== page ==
The consensus?  “If an employer doesn’t like you, they’re not going to hire you,” ESMS math teacher Luke Olesiuk observed after the experience.  “As educators we’re always about the academics, so this was really eye-opening in terms of how much more goes into the building of  a successful employee.”

What struck Tony Bancroft, ESMS Music teacher, was the continued mention of “character.”  “Employers want people who are honest, decent, hard-working, dedicated to the task at hand, who step in to help a fellow employee without worrying about whether it’s part of their job description, and who positively represent the employer,” he commented.

ESHS Art teacher Theresa Kadonaga was surprised at the commonality of “must have” skills among all the various businesses in terms of what they look for in employees.  “Of the four very different businesses we visited, the skills that make people desirable were transferable across the board.  You absolutely have to be collaborative and work with others; nobody works in a vacuum anymore.  You must be capable of communicating your positions and ideas clearly -- not just in writing but orally as well.  Critical thinking and problem solving came up again and again – from designing a space to exhibit art to figuring out the perfect piece of jewelry best suited to a customer.  And as an artist what I loved most is every business agreed creativity is the major piece of the puzzle – it’s what jumpstarts an entire organization.”

Kim Stern, ESMS International Baccalaureate Coordinator, was especially thrilled with the Externship experience.  “Everything we heard about today totally translates into the core concepts of IB,” she enthused.  “IB is all about the relevancy of what we’re teaching in the classroom to real world applications – especially the notion of becoming risk-takers.  Our kids are so programmed for high-stakes testing they’re more interested in getting the answer right at the expense of trying something new.  What I heard today is employers want employees who will try something new, aren’t afraid to fail, take initiative on their own and don’t wait to be given directions on how to do and accomplish any task before them.”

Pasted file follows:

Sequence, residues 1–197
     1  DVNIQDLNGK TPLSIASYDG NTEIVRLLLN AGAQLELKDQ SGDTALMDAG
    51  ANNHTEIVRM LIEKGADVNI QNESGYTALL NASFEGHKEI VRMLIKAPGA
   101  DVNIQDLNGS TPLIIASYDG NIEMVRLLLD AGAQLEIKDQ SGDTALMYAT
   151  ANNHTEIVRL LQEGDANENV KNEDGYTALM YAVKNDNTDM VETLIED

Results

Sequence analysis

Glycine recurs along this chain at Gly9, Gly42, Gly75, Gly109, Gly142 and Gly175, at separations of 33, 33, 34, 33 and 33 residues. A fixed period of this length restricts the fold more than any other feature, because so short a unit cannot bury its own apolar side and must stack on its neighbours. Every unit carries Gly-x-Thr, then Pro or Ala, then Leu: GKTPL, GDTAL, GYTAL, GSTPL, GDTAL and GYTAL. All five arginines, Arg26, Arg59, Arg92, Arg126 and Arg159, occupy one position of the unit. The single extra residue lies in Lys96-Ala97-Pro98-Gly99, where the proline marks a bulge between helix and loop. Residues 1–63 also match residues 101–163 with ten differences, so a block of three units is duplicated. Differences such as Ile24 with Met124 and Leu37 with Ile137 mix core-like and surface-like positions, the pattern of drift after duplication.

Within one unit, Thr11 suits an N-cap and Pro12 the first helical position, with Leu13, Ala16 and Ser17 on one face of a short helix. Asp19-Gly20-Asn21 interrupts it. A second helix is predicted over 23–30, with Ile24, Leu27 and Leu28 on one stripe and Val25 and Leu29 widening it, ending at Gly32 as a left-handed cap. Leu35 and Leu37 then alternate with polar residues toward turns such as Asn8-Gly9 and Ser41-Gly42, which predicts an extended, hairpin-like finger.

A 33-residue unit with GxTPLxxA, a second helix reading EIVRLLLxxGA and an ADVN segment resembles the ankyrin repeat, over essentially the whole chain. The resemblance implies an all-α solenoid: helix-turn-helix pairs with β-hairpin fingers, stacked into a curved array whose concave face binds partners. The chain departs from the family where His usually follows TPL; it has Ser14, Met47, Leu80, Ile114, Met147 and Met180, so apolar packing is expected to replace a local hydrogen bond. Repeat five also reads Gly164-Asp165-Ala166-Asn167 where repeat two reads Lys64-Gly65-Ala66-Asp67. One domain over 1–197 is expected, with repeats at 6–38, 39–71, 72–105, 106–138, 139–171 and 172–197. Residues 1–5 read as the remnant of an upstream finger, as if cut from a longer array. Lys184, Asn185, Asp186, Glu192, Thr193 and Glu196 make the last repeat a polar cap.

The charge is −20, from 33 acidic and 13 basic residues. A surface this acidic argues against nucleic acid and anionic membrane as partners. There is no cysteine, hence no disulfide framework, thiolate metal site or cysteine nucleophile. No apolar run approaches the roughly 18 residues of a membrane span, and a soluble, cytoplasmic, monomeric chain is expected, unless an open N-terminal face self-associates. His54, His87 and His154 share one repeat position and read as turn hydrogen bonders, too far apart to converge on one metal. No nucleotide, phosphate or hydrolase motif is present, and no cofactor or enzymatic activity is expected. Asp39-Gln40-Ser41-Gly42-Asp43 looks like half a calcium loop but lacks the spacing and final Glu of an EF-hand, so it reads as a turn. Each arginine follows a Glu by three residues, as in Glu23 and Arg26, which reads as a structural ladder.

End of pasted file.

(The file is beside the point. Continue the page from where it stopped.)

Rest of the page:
The idea of developing risk-takers struck a real nerve and drove the conversation into even deeper waters, with everyone in agreement that the dependence on “getting the right answer” on state tests as opposed to developing innovative thinkers was anathema to good teaching.  Branka Cvejic, an English teacher at ESHS, was especially verbal about the topic.  “It’s one of the reasons I’m so excited about the new Common Core State Standards.  The are all about going deep into a topic, posing open-ended questions to students that require them to draw upon all their experiences across the board to build a reflective, analytical answer – and then back it up with research or facts from what they’re reading to defend their position.”

Tahnya Nodar, a second grade Richmond Street Elementary School teacher also saw the relevancy of the new Common Core State Standards for her young charges.  “We need to be able to allow more creative outlets for students and not so much energy going into test taking.  What I paid special attention to was the importance of listening – being an active listener is vitally important to real world success.”

Jennifer Hedayat, another high school English teacher agreed.  “Just from today’s experience I’m already reworking in my head existing lesson plans so they have more relevancy to what I saw in the workplace today,” she stated.  “I also couldn’t help but notice how what was stressed today were things we all intuitively know,” Hedayat continued. “Things like good old common sense, the ability to dress appropriately for the position, working with people you don’t necessarily like, being able to think on your feet, it was very reassuring to hear those skills mentioned repeatedly.”  She sighed, to the amusement of her fellow participants.  “Even though every single one of us drums that into our students, day after day, it was very reassuring to hear it from the outside world.

Kirsten Larsen, Richmond Street Elementary 4th grade teacher, succinctly summed up the emotions swirling around the room, which seemed to be the collective take-away from the day’s experience.  “The real world is not standards based,” she intoned, sending the entire group into raucous laughter.

“Externships El Segundo” will continue throughout the year, next visiting Rhythm and Hues and DirecTV in February, Boeing in March, and Murad in May.